For a manifesto to succeed, it must speak to our hearts like a poem while infecting the mind with images and ideas that are dazzlingly new. It needs to open our eyes to the true causes of the bewildering, disturbing, exciting changes occurring around us, exposing the possibilities with which our current reality is pregnant. It should make us feel hopelessly inadequate for not having recognised these truths ourselves, and it must lift the curtain on the unsettling realisation that we have been acting as petty accomplices, reproducing a dead-end past. Lastly, it needs to have the power of a Beethoven symphony, urging us to become agents of a future that ends unnecessary mass suffering and to inspire humanity to realise its potential for authentic freedom.

No manifesto has better succeeded in doing all this than the one published in February 1848 at 46 Liverpool Street, London. Commissioned by English revolutionaries, The Communist Manifesto (or the Manifesto of the Communist Party, as it was first published) was authored by two young Germans – Karl Marx, a 29-year-old philosopher with a taste for epicurean hedonism and Hegelian rationality, and Friedrich Engels, a 28-year-old heir to a Manchester mill.

As a work of political literature, the manifesto remains unsurpassed. Its most infamous lines, including the opening one (“A spectre is haunting Europe – the spectre of communism”), have a Shakespearean quality. Like Hamlet confronted by the ghost of his slain father, the reader is compelled to wonder: “Should I conform to the prevailing order, suffering the slings and arrows of the outrageous fortune bestowed upon me by history’s irresistible forces? Or should I join these forces, taking up arms against the status quo and, by opposing it, usher in a brave new world?”

For Marx and Engels’ immediate readership, this was not an academic dilemma, debated in the salons of Europe. Their manifesto was a call to action, and heeding this spectre’s invocation often meant persecution, or, in some cases, lengthy imprisonment. Today, a similar dilemma faces young people: conform to an established order that is crumbling and incapable of reproducing itself, or oppose it, at considerable personal cost, in search of new ways of working, playing and living together? Even though communist parties have disappeared almost entirely from the political scene, the spirit of communism driving the manifesto is proving hard to silence.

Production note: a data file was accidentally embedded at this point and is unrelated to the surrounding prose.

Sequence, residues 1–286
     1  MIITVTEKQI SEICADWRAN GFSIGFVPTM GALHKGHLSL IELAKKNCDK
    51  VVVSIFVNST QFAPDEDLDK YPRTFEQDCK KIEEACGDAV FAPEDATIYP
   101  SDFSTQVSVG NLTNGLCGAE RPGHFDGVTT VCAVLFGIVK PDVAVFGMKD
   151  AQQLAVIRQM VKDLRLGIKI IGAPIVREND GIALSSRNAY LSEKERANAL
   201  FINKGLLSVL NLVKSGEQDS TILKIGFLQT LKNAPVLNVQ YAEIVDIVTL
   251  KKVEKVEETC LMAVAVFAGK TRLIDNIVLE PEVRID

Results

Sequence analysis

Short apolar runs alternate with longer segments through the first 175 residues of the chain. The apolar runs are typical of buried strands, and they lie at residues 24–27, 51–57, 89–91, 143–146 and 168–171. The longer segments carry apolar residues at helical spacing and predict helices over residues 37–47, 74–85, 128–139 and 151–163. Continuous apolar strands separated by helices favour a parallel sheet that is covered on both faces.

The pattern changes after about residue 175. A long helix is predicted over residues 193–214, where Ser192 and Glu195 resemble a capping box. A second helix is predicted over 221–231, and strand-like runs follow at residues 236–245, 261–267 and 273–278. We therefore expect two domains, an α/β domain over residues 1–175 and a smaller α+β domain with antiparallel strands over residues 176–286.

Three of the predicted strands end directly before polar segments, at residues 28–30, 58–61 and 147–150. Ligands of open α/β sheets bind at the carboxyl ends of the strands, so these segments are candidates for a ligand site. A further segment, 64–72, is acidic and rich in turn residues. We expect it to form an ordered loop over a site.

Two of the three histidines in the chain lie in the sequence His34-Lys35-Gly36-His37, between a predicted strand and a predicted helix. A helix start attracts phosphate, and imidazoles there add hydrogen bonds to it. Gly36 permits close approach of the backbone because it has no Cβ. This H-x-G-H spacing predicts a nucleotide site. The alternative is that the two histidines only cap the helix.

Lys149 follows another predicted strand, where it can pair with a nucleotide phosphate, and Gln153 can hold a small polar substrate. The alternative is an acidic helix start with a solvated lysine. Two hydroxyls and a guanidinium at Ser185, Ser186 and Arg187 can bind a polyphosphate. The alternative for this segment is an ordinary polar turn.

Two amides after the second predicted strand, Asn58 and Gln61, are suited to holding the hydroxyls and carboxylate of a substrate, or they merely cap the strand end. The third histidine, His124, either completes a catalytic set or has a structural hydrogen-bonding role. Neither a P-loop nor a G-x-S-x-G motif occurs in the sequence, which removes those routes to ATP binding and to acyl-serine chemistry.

(Read more at TheGuardian.com)

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DiEM25 strongly condemns last night’s US-led strikes in Syria

Source: DiEM.org

DiEM25 strongly condemns last night’s US-led strikes in Syria. We condemn bombing as a cowardly, ineffectual move that will most certainly make the situation in Syria worse, not better. If chemical weapons were used by the Assad regime, the West’s bombs will not help the victims, nor avert further use of misanthropic weapons and methods by Assad or other combatants in Syria.

(Read more at DiEM.org)

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DiEM25 Workshop – Sheffield Conference

Showroom Workstation Creative Lounge, Sheffield

Saturday, 21 Apr 2018
2:00pm to 5:00pm

Part of Festival of Debate 2018 – www.festivalofdebate.com
In association with DiEM25

DiEM25 is a pan-European, cross-border movement of democrats, co-founded by Yanis Varoufakis, who have come together from our diverse political traditions to repair the EU for all Europeans, before it disintegrates. Brexit Britain is a key location in this task. Come and meet DiEM activists to discuss how we can plan local, regional, national and European projects together in the run-up to the European elections in 2019. All welcome.